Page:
Original paper

Factors affecting the periphytic diatom community in Mediterranean coastal wetlands (Emporda wetlands, NE Spain)

Trobajo, R. Quintana


Species composition and ecological preferences of the most important periphytic diatom taxa were studied in lentic ecosystems in the salt marshes of Empordà wetlands (NE Spain). Correspondence analysis with the diatom communities suggested that water confinement/flooding gradient and productivity of the system were the principal factors affecting diatom distribution in the salt marshes of Empordà wetlands. Hierarchical analysis clusters allowed 5 diatom assemblages be distinguished, each one characteristic of different degrees of confinement and productivity. Bacillaria paradoxa appeared as the most characteristic species in low confinement and high productivity conditions. Navicula perminuta and N. salinarum were representative of flooding and low productivity conditions. During maximum confinement and low productivity situations Cocconeis placentula dominated the diatom community. When maximum confinement was attained in the waterbodies with higher productivity, this dominance was shared with Nitzschia archibaldii . The 39 species considered proved to be tolerant to salinity and nutrients (nitrogen, phosphorus and organic matter) variability. This seems to be a prerequisite for survival in salt marshes where the very dynamic nature of the system results in a large variability of the physical and chemical water composition.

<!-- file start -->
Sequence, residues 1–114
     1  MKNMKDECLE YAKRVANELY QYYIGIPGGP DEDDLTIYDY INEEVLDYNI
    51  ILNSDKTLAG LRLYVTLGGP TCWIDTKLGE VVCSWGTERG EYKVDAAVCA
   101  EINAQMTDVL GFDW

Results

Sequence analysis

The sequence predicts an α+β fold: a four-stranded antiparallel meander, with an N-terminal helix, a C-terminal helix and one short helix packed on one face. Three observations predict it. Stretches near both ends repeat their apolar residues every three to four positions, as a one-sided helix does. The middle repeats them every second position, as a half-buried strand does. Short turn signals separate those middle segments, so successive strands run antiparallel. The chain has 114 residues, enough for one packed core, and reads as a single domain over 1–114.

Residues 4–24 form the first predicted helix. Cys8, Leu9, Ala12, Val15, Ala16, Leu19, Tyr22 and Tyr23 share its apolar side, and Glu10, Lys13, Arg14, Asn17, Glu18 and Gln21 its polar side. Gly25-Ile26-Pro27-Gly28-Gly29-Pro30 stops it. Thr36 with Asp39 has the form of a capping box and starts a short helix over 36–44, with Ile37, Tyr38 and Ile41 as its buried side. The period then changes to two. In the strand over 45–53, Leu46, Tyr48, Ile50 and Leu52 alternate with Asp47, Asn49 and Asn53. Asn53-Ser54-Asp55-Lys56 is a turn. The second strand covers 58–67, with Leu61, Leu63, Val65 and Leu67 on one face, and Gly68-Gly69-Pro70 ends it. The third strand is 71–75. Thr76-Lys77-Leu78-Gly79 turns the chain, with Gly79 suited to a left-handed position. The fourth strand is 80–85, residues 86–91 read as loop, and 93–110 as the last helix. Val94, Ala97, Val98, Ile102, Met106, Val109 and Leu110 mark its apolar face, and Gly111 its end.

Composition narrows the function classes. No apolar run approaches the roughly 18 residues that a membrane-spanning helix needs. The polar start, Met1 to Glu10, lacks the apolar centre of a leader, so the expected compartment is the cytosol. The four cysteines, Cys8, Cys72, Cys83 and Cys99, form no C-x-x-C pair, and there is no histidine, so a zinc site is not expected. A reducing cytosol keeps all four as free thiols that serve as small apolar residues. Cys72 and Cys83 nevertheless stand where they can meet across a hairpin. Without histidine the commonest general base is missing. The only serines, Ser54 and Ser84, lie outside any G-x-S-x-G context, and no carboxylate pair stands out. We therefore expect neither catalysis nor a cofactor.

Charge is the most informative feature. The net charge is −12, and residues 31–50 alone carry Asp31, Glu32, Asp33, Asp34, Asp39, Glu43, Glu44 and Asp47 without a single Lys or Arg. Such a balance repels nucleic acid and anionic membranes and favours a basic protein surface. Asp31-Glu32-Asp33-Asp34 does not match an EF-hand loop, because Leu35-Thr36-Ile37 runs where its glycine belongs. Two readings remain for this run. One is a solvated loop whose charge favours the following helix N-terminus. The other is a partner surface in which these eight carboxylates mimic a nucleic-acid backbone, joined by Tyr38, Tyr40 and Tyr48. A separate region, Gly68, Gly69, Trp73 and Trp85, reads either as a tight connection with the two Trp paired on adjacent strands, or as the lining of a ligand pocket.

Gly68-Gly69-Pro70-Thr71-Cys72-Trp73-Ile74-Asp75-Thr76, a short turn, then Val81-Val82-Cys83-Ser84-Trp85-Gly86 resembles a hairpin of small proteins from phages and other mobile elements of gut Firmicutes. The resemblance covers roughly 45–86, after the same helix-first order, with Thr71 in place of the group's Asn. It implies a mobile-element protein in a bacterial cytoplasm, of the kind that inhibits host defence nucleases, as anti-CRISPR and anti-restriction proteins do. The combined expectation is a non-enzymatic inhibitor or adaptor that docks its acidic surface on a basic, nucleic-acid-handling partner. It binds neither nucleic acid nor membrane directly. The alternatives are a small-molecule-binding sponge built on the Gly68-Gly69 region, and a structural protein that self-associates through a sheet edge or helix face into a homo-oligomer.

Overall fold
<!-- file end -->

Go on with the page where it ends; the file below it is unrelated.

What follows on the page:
species compositionlentic ecosystemssalt marshesproductivity conditionsphysical water compositionchemical water composition